Pensioner rebate rise ruled out as rates soar
Monday, 26th August, 2013
By Andrew Robertson
The NSW government has ruled out increasing the $250 concession pensioners receive on their rates until the State’s finances reach a “sustainable level”.
The position is a blow to the city’s pensioners whose residential rates jumped by nine per cent this financial year after a City Council rates redistribution.
The rise, which was on top of the 3.4 per cent increase allowed under the rate peg, comes after successive increases in electricity, water and gas prices in the past few years.
It also further erodes the benefit of the rebate which, when introduced, was designed to cover half the cost of council rates paid by pensioners.
One concerned ratepayer earlier this month called on council and the government to recommit to the rebate and to bring its value up to date.
Roger Edwards said the $250 rebate had never been increased with inflation and had lost 60 per cent of its value.
NSW Councils currently pay 45 per cent of the rebate and the government 55 per cent.
“With the current situation, and the recent massive increases in water and electricity costs, this rebate has never been more important or more needed,” Mr Edwards said in a letter to the BDT.
Local Government Minister Don Page has said the rebate was safe, but he has ruled out increasing it any time soon.
He recently dismissed claims by Labor MLC Sophie Cotsis that the Liberals and Nationals were in talks to abolish the rebate.
“Nothing could be further from the truth. And the truth is we would like to increase the rebate, but can only do so when the State’s finances reach a sustainable level.”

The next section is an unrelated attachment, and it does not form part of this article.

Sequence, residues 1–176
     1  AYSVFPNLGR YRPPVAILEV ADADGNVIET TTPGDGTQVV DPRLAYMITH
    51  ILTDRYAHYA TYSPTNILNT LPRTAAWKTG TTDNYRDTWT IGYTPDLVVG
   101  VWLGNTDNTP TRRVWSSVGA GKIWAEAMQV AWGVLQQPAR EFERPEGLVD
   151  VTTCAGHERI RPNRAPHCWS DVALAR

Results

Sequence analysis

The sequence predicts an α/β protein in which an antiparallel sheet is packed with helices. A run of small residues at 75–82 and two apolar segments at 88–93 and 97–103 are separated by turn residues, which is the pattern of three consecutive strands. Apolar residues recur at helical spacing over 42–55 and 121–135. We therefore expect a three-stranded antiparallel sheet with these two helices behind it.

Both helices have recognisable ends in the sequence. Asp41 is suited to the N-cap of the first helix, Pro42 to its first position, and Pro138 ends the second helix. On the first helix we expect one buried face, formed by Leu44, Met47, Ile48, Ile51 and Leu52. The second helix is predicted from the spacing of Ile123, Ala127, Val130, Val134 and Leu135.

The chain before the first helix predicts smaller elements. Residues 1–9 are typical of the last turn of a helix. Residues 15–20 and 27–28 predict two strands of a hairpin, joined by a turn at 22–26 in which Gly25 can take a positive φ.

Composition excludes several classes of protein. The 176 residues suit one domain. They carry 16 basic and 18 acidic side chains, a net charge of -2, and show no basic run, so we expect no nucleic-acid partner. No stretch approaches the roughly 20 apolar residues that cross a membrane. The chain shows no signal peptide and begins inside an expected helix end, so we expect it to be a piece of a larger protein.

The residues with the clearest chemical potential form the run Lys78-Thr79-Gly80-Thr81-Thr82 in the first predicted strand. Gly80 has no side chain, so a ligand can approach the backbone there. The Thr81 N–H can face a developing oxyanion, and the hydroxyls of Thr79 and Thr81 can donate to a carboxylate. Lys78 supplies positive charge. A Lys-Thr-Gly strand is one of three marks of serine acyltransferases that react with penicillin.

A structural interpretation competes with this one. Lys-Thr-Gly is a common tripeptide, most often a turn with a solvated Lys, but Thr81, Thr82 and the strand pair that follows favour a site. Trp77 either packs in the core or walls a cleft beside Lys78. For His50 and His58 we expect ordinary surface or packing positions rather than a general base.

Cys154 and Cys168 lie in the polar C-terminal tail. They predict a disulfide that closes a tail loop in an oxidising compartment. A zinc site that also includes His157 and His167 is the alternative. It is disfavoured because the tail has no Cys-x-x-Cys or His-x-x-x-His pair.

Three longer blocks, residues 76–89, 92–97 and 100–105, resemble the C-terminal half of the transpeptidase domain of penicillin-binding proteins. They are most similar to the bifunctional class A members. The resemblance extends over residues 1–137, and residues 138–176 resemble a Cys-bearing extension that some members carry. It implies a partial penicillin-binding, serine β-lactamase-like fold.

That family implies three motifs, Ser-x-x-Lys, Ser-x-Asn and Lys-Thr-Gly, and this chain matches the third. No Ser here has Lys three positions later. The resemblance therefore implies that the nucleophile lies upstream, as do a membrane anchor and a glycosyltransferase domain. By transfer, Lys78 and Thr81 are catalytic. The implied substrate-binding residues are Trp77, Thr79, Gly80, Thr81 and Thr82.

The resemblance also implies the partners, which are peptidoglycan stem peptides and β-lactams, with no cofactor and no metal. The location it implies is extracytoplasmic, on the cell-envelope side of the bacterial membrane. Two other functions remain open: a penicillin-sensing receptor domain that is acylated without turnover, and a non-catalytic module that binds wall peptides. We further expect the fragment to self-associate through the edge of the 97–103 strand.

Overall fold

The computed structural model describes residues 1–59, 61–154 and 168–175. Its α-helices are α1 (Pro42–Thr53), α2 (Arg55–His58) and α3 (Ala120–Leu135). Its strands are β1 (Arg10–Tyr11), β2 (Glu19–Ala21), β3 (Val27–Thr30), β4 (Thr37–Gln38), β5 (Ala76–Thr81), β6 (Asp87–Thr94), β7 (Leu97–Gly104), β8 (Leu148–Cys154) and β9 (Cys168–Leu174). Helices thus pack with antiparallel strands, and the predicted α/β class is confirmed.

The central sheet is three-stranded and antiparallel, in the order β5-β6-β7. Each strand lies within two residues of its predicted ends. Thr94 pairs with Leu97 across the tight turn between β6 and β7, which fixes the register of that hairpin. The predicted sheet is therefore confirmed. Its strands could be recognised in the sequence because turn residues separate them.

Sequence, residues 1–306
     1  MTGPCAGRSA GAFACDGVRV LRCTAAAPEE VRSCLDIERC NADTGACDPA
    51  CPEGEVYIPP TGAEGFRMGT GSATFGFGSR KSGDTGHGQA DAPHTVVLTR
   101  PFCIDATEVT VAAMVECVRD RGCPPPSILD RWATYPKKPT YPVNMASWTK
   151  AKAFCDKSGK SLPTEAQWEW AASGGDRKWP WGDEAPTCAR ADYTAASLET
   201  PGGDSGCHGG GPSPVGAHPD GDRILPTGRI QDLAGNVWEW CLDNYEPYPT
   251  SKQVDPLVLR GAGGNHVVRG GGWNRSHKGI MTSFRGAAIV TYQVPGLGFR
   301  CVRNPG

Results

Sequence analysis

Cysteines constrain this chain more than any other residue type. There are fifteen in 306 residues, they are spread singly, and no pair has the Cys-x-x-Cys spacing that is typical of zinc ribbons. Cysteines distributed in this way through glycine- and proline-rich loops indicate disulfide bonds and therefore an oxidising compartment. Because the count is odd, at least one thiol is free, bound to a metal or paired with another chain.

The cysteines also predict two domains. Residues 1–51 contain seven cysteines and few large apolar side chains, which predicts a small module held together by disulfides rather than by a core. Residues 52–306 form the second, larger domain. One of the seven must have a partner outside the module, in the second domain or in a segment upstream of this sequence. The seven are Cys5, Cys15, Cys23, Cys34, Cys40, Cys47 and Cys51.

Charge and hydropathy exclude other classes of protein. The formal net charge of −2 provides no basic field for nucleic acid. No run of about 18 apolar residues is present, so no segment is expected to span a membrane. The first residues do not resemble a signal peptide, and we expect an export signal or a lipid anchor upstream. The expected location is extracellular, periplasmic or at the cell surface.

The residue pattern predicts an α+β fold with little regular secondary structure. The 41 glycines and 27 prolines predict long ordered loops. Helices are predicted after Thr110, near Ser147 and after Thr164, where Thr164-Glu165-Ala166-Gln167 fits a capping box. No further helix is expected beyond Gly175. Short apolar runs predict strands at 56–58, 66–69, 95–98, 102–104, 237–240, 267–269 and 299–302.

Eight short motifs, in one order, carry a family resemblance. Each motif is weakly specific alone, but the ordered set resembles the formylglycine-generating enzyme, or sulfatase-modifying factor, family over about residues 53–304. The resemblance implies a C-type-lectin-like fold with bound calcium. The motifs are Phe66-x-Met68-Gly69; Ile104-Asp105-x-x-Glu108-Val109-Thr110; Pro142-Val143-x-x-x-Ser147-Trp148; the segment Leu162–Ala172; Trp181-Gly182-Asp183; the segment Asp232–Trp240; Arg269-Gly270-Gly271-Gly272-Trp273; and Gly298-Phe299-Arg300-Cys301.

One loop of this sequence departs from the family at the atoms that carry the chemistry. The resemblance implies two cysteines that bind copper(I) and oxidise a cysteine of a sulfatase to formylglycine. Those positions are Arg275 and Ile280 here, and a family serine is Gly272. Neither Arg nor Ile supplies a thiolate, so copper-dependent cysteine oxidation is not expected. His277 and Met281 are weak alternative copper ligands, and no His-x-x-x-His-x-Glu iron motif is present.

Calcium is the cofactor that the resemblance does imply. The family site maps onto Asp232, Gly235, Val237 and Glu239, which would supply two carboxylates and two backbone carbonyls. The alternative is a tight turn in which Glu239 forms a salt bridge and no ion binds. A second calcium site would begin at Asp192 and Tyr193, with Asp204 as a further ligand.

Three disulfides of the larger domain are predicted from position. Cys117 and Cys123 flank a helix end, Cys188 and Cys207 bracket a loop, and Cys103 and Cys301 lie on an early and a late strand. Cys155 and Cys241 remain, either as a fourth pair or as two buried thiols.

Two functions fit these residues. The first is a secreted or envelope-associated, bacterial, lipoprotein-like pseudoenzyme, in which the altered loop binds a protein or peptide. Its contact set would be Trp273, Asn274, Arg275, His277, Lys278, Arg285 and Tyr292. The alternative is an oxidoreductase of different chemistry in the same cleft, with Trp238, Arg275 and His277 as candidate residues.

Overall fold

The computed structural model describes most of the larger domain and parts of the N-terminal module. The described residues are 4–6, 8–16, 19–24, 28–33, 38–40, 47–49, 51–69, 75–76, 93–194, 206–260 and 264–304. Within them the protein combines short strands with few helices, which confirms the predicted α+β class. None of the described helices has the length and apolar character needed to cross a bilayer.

Mayor Wincen Cuy yesterday said that council also had no plans to scrap its share of rebate, though he too ruled out an increase.
“We’re saying it should be maintained,” he said.
An independent panel currently reviewing the State’s local government system has suggested the entire rebate should be paid by the state or federal government, and not councils.
Independent Local Government Review Panel member Glen Inglis said yesterday it was unfair to ask ratepayers to subsidise the rebate, particularly in areas where there is a high proportion of pensioners.
“(The panel’s) view is the pensioner concession should remain. We think it’s a good thing but local government shouldn’t have to pay for it,” Mr Inglis said.
“The concession should remain at the level it is but 45 per cent should not be paid by councils but by the state or federal government because it is a welfare payment.”
Mr Inglis also supported an increase in the rebate.
“The principle of indexation to CPI is a fair one.”
Clr Cuy said he would be happy for the federal government to take over council’s portion of the rebate.
“We’re happy for some other level of government to take over this payment but if they don’t we haven’t considered reviewing it.”